The Problems With Resveratrol Research: Lessons from Mary Jane

Before we all flip our lids and make wild and shockingly conclusive results based on one individual study (for example, this hullaballoo), I want you all to repeat this to yourselves over and over again:

“One study does not a scientific conclusion make”.  –Lewis Perdue

It is important for us to take into consideration a plethora of studies, in order to get a better understanding of the system that on which we are focusing.  If there are countless studies showing one kind of result (example: positive health benefits), then a new study comes out showing more conflicting results, it does not mean that every single scientist up until that point has been full of doggy dung.  No, it means you should think to yourself “huh, now that’s interesting.  Let me take a closer look at the paper to determine what exactly this might mean in terms of HOW the study was actually performed and WHAT is was designed to test, instead of jumping to extremely broad conclusions based off of a sentence or two in the discussion section of that scientific paper”.

You might be able to guess by now that I’m talking about the recent paper concluding that resveratrol did not have any influence on health status or mortality risk in older adults.  Many of the media headlines read “Red Wine Health Benefits Are A Myth!”, and the like.  Again, let’s repeat our mantra:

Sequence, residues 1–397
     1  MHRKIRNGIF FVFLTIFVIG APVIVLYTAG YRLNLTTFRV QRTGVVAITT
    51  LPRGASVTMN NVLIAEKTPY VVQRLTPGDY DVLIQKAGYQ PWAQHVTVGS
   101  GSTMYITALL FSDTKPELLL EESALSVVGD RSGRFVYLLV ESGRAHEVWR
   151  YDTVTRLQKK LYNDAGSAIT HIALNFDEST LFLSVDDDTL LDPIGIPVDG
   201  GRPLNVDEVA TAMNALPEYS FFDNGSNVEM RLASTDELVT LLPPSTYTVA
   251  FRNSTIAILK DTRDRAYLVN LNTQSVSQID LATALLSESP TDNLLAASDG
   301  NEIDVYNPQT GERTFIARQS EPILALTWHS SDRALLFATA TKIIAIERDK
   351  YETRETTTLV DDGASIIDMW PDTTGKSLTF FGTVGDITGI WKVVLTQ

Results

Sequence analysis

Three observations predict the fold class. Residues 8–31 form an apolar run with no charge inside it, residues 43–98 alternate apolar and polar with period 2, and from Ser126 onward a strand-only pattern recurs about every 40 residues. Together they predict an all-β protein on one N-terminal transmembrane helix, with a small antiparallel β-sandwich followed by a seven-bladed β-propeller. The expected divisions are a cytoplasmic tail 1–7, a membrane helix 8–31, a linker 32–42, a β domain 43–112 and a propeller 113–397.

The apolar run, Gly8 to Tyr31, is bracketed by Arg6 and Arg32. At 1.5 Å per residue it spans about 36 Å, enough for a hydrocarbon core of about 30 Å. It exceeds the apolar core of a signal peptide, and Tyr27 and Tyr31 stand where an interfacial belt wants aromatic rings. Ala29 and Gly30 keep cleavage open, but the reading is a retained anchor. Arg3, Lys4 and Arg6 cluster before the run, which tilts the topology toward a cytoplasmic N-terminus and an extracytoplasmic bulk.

“One study does not a scientific conclusion make”.  

Sure, the results of this study might be important and might actually mean something, but to basically call out the many studies showing positive benefits as being wrong is a little far-fetched.  Let’s keep collecting information before jumping to generalized conclusions.

Stop picking on poor little Resveratrol!

I also wanted to mention this:  Focusing on one individual compound is not the way to go, considering the complexities of our physiology and the thousands of chemical reactions that can occur in our bodies.  In other words, by putting one compound into your body, you initiate a series of chemical reactions. By adding additional compounds into the body, these new compounds are now dealing with a markedly

Photo from (Public Domain)

Photo from (Public Domain)

different chemical environment than they were prior to the first compound being ingested.  Thereby, the chemical reactions that take place might be significantly different (and possibly more dangerous) than those that would have taken place had the second compound been ingested alone.

Let’s look at drug interactions as an example (see a drug interactions finder here).  A lot of people take SSRI’s for anxiety and/or depression.  For many, these SSRI’s, like Prozac, interact with the chemistry of the brain and decrease the symptoms of anxiety and/or depression.  Now, all is fine and dandy right?  Well, what if all of a sudden that person gets a massive headache requiring some hard-core prescription pain medications?  “Oh hey!  I still have a few of those Vicodins left over from that surgical procedure I had a while ago, I’ll pop a couple of those and then “sayonara headache!”’  What this person fails to realize is that just because something is effective and beneficial by itself (that Vicodin kicked butt for that pain due to surgery!), combining it with certain drugs inside the human body can be a recipe for disaster.  In particular, when someone takes Prozac AND Vicodin, there is the possibility of major health problems, including Serotonin Syndrome, the symptoms of which include restlessness, euphoria, dizziness, diarrhea, and oh, death.